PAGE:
Saturday, February 6, 2010

Mathematical term in circle packing: Apollonian gasket

Apollonian packings of circles are named after the Greek geometer Apollonius of Perga (ca. 262-190 B.C.) [1]. In such packings, groups of circles are mutually tangent. A key generation step in the construction of Apollonian packings is the placement of a new circle into an interstice, which is formed by mutually tangent circles, in such a way that the new circle is tangent with those interstice-defining circles [2-5]. The successive repetition of this generation step with the newly forming interstices is building up an Apollonian gasket. Apollonian gaskets and similar constructions based on polygons instead of circles are of interest in physics for investigating the “architecture” of foams and powders by computer simulations. Also, fascinating relations between Apollonian gaskets and number theory have recently been studied. Finally, Apollonian gaskets are always good in the design of geometrically inspiring screensavers and op-art images.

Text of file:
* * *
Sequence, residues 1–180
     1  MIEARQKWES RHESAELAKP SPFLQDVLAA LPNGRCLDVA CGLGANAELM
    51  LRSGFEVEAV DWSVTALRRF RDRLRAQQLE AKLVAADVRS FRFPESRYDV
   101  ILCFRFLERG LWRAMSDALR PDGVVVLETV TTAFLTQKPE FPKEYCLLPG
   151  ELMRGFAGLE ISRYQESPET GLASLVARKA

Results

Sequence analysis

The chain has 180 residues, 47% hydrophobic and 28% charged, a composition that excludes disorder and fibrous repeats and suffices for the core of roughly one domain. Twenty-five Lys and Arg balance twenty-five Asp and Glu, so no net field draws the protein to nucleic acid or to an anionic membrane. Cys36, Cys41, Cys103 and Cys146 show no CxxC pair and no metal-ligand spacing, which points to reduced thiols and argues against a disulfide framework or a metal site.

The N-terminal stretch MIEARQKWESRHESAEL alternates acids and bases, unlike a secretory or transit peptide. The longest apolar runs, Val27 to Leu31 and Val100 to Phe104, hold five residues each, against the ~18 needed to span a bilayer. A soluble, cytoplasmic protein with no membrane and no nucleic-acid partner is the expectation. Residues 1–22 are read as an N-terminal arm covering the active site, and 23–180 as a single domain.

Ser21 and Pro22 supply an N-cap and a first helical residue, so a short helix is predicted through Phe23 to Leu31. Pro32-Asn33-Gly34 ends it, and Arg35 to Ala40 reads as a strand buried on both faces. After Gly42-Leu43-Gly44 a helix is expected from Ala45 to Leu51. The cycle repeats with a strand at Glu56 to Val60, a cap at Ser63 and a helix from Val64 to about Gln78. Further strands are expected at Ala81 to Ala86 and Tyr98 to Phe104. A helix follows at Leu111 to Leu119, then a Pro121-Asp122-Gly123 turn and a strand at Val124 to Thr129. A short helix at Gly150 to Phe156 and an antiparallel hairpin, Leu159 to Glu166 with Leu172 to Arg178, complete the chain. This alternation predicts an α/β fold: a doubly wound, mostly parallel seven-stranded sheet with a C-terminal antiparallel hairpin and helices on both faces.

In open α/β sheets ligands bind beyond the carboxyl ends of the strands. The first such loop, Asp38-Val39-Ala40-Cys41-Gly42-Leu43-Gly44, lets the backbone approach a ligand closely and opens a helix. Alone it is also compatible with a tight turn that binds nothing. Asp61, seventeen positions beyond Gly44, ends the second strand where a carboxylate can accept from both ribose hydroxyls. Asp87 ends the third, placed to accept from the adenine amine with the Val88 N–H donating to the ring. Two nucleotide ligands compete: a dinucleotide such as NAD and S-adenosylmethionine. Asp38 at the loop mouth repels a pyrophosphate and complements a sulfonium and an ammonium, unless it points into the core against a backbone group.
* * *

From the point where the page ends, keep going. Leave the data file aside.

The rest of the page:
Keywords: mathematics, geometry, fractals

[1] Biography: Apollonius of Perga.
[2] Kenneth Stephenson: Introduction to Circle PackingThe Theory of Discrete Analytic Functions. Cambridge University Press, Cambridge and New York, 2005; pp. 213-214.
[3] Edward Kasner and Fred Supnick: The Apollonian Packing of Circles. Proc. Natl. Acad. Sci USA December 1943, 29 (11), pp.378-384. Access.
[4] Dana Mackenzie: A Tisket, a Tasket, an Apollonian GasketFractals made of circles do funny things to mathematicians. American Scientist January-February 2010, Volume 98, Number 1, pp. 10-14.
[5] Wolfram MathWorld: Apollonian Gasket.

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